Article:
Accused may have deliberately repressed ‘horrific’ event
A COURT has heard it is not possible to determine whether a man charged with murdering his former partner genuinely has no memory of the incident.
Paul Thomas Ryan, 66, is facing a judge-only trial before the Supreme Court in Lismore over the alleged murder of Marie Van Beers, 63, on November 12, 2018.
Mr Ryan has pleaded not guilty to murder but has conceded manslaughter, with the partial defence of abnormality of the mind.
If that defence is made out, Mr Ryan could face a conviction of the lesser charge of manslaughter.
The court has heard Ms Van Beers was stabbed about 35 times in the pair's Tweed Heads unit.
The couple had been together for 37 years but had earlier separated.
Mr Ryan's defence involves the claim he has no memory of the stabbing.
Forensic psychiatrist, Dr Andrew Ellis, has told the court it is difficult to determine the reliability of that claim, or its origin.
"I think there's a number of possible reasons why he doesn't express a memory of the stabbing," Dr Ellis said.
"One is that he has a genuine amnesia of the event.
"That could be explained by him being intoxicated by alcohol at the time.
"Also, he has an underlying problem with memory because of (his) neurocognitive disorder."
Dr Ellis said it's also possible Mr Ryan was experiencing "psychogenic amnesia" because "it's such a horrific event that he does not recall it as a way to maintain his mental integrity".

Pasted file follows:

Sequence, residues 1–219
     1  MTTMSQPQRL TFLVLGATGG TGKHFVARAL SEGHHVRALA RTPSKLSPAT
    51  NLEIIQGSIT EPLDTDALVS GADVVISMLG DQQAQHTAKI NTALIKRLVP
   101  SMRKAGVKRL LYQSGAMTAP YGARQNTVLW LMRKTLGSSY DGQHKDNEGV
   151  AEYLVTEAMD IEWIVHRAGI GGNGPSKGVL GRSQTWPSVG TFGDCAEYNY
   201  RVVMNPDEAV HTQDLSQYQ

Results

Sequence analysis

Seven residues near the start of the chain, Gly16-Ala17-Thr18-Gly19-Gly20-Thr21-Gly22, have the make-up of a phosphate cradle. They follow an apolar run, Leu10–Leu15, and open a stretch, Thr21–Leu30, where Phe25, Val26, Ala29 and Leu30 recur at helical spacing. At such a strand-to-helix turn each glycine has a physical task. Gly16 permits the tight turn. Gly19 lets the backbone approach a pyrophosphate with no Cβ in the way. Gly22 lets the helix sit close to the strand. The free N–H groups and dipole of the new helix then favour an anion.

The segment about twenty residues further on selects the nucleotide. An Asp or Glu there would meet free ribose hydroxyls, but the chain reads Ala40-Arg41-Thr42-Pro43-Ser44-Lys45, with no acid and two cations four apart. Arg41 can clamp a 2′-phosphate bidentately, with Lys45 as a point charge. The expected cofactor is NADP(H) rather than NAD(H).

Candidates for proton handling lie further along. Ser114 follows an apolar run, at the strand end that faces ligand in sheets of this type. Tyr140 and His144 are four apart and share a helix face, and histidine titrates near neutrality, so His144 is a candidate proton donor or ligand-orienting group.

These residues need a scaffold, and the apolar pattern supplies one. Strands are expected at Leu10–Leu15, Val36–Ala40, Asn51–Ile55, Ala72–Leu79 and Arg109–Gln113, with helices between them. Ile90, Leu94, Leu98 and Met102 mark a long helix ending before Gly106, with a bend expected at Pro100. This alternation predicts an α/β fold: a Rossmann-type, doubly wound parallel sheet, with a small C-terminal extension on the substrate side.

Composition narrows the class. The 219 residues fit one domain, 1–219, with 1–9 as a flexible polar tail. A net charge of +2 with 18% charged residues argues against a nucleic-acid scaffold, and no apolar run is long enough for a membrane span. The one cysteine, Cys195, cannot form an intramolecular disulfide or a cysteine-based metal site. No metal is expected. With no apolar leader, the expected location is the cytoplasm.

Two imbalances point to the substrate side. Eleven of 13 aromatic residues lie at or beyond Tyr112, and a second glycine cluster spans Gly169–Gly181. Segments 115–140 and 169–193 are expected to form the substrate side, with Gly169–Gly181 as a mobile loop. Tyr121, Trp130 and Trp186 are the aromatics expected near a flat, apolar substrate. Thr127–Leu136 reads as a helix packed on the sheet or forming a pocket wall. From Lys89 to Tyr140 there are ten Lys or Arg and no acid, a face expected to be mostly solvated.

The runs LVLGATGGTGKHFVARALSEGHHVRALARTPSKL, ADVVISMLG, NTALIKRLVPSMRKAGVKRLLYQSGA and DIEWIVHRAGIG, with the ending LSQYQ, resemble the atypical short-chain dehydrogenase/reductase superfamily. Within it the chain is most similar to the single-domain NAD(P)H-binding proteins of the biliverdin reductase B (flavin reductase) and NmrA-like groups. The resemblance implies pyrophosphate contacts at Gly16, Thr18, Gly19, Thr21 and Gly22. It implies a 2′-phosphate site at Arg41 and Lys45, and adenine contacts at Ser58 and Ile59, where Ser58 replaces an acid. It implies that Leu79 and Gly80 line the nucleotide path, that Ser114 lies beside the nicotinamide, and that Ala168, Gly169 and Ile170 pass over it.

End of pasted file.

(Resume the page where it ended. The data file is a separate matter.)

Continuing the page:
He said it was also possible the accused was deliberately trying to repress the memory.
"It may be that he does remember but doesn't want to speak about it," he said.
"There's no way I can determine which one of these it could be."
The court has heard Mr Ryan has "vascular lesions in the brain", a result of long-term abuse of alcohol and prescription medication.
Dr Ellis told the court accused was "more vulnerable (to memory problems) … when other causes of confusion overlay on top of that".
"I think it's likely there's chronic levels of confusion, and then there's acute levels of confusion superimposed on that."
He said the latter could involve the "chronic ingesting" of alcohol and opioid medication.
"They're in the background all the time," he said.
The trial continues.